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From the laboratories
Scientists have long held that memory retrieval is a constructive process in which bits of information supplied by different regions of the brain create one, unified memory. There has been less certainty about how fast memories are retrieved and how they may change over time.
Scott Slotnick, an assistant psychology professor at Boston College, specializes in visual memory, specifically “retinotopic” aspects of memory whereby recollections of an object you saw to your left stimulate activity (the electrical firing of neurons) on the right side of the brain and vice versa. In a recent study, Slotnick had two sets of undergraduate research subjects view abstract shapes reminiscent of a computer screen saver—Bezier curves filled with colored lines—on either the left or right side of a video screen. Then Slotnick replayed these shapes along with new curves, all shown in the center of the screen, and asked the students to identify old versus new as well as the original location of the old shapes. While the students answered, their brains were monitored with either electrical receptors (ERPs), which instantly register spikes in neural activity, or MRI scans, which take rapid images of the brain that are then spliced together like a movie reel.
The ERPs, which heretofore had not been much used in tracking memory development, revealed retinotopic effects occurring in the brain’s occipital and temporal regions (toward the back and sides of the head, respectively) within a quarter of a second, a speed far faster than typically attributed to memory retrieval. Indeed, Slotnick’s results suggest memories may take shape as much as four times faster than earlier studies have shown.
The brain’s right hemisphere showed the more prominent spikes in activity, perhaps due to its proclivity for processing coordinate data (the distance, for example, between a coffee mug and a table’s edge). By pinpointing the retrieval of spatial information, Slotnick’s results show memory recall with a rare level of detail.
In addition to the speed of the initial memory retrieval, Slotnick observed that the retinotopic activity in the subjects’ brains
continued intermittently for another second or so. This offers yet another indication, he says, that memory is an action “refined over time, as details are added.” Slotnick’s results appeared in the May 2009 issue of Brain Research.
Plasma, the fourth state of matter (along with solids, liquids, and gases) constitutes some 99 percent of the universe’s visible matter—the stuff of coronas, solar cores, and comet tails. Plasma’s appearance on earth, however, is fleeting and limited—in lightning and flame, or in fluorescent light bulbs—and still little understood.
For the past three decades, the study of plasma, which is most simply described as electrically charged gas, has focused on “dusty” varieties, plasmas laced with solid particles ranging in width from nanometers to tens of microns. These particulates acquire an electrical charge from the plasma, causing all sorts of interesting results, such as, on a cosmic scale, the rings of Saturn.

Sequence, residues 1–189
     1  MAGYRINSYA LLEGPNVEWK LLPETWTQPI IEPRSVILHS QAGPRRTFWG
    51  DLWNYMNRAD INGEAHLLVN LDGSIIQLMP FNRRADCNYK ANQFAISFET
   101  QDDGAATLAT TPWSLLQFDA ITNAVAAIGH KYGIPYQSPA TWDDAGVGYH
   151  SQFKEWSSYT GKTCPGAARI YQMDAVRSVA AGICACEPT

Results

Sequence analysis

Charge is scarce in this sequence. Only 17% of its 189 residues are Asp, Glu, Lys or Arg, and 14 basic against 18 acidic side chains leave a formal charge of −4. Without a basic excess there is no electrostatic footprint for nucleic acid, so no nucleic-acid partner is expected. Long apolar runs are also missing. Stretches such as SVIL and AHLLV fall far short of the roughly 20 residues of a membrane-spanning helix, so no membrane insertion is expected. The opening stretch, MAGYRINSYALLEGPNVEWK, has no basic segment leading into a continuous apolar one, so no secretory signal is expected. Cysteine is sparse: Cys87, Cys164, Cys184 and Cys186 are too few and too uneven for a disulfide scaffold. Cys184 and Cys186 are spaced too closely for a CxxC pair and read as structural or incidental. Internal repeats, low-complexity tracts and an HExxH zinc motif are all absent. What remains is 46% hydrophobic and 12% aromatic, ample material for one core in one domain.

Dusty plasmas have been much studied partly because of their importance to the semiconductor industry—plasmas are used in the manufacture of microchips, and the particles, produced during etching the chips, can cause contamination. But a subset of dusty plasmas that mimic the superdense, supercharged systems found at the center of stars is only beginning to reveal its secrets. Within these dense plasmas, dust can organize itself into states similar to liquid or solid, structures known as Coulomb crystals, and these may help reveal much about all four states of matter.
Recently, a team of physicists including Gabor Kalman, distinguished research professor at Boston College, and Stamatios Kyrkos, Ph.D.’03, a former graduate student of Kalman’s and current assistant professor at Le Moyne College, developed a theoretical description of dense dusty plasmas formed when a beam of charged particles penetrates plasma. Their theory, co-authored with Marlene Rosenberg, a researcher at the University of California, San Diego, appeared last June in the journal Physical Review Letters.
The team’s mathematical model supposes a two-dimensional crystalline lattice of charged particles penetrated by a charged beam, with both elements immersed in a plasma. The researchers calculated, among other effects, that the beam would cause electrostatic instabilities in the lattice—energetic ripples, so to speak—both along the beam’s progress and, most interestingly, perpendicular to it, generating the type of transverse waves produced by sound when it travels through solids.
The model, Kyrkos says, has broad application for basic scientific research. The lattices in these dense plasmas behave mathematically much like everyday solids and liquids, but, unlike solids, their atomic behaviors are easily observable to, at times, even the unaided eye. The similiarities in behavior suggest the team’s theory could provide a “good model for many condensed matter systems,” Kyrkos says.
The paper remains theoretical, but does provide a “solvable model” that, if proven correct, could advance study of phase transitions—the shift from one state of matter to another.
Paul Voosen ’03 is a writer based in Washington, D.C.
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